Ian Poulter's swagger is back as he makes another run at the claret jug
SOUTHPORT, England — Ian Poulter spent last year's Open Championship in a TV commentary booth. It wasn't an experience he particularly enjoyed.
Sidelined by a foot injury, it was hard for a competitive animal like Poulter to sit out his home major and watch others challenge for a title he craves the most.
He started making up for lost time Thursday.
Poulter is taking another run at the claret jug, shooting a 3-under 67 at Royal Birkdale that left him among the first-round leaders at a venue where he came closest to winning the Open.
Back in 2008, it was a fist-pumping, nattily dressed Poulter that finished second to Padraig Harrington for what remains his best Open finish.
The Poulter of 2017 isn't as in-your-face and some of the bravado has gone after a career dip that has seen him miss the last five major championships as well as his beloved Ryder Cup in 2016.
He is still a popular figure in these parts — he was clapped onto every green Thursday — and is happy being back in the conversation at a major, having only made the field at Birkdale through final qualifying.
"It's too easy to get down when you're not playing those big tournaments," he said. "And it's easy to get down when golf seems to be pretty difficult. It makes it even more special to be back here today playing."
Poulter birdied the par-5 17th hole from the bunker, then got up-and-down from another bunker on the 18th to post his lowest first-round score at a major. His only bogey on what he describes as his favorite course on the Open rotation came at the par-3 No. 7 after landing his ball near the lip of a bunker.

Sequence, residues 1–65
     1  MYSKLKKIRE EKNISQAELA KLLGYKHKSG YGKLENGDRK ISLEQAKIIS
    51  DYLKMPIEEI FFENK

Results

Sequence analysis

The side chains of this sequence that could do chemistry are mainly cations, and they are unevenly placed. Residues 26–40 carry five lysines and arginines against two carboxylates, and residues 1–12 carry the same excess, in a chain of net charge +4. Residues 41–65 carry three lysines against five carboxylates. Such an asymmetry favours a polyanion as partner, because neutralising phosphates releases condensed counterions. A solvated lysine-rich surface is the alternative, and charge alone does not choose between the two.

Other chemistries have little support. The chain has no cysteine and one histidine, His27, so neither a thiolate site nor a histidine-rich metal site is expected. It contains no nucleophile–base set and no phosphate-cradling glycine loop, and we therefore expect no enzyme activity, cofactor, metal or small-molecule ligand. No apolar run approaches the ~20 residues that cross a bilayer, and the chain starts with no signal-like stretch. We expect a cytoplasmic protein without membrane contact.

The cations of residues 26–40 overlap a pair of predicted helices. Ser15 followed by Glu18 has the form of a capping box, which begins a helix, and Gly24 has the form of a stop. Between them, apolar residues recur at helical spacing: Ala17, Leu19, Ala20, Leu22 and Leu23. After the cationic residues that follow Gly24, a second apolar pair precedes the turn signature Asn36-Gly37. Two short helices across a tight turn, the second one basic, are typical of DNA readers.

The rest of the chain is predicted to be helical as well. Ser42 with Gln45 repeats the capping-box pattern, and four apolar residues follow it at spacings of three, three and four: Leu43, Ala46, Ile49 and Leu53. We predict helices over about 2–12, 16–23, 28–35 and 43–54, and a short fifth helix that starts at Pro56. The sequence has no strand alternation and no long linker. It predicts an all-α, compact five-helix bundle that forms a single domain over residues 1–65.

After making a 7-foot putt for par at the last, he shook his fist and gave his 13-year-old son a high-five at the back of the green. The strut and swagger is back for a player known best for his Ryder Cup exploits with the European team.
Much of that is down to being able to play with more freedom and less pressure following an unexpected reprieve in April, when he thought he had lost his PGA Tour card.
Poulter played only 13 tournaments in 2016 because of injury and didn't earn enough FedEx Cup points or money in early 2017 to remain fully exempt. Only when Brian Gay alerted officials to a discrepancy in the points structure, for players competing with a medical exemption, did Poulter get to keep his card.
Since then, he has finished tied for second at The Players Championship, qualified for the Open at his home course at Woburn, and came to Birkdale off a good display at the Scottish Open, where he was tied for the lead after three rounds.
"I'm proud of the way I've been able to refocus," said Poulter, who is ranked No. 78, "get things back on the straight and narrow, clear away some of the noise in the background, and get back to really focusing hard on what I need to do to get the level of golf back that I think I can play.
"I'm definitely playing with a bit more confidence and that's definitely showed over the last couple of months."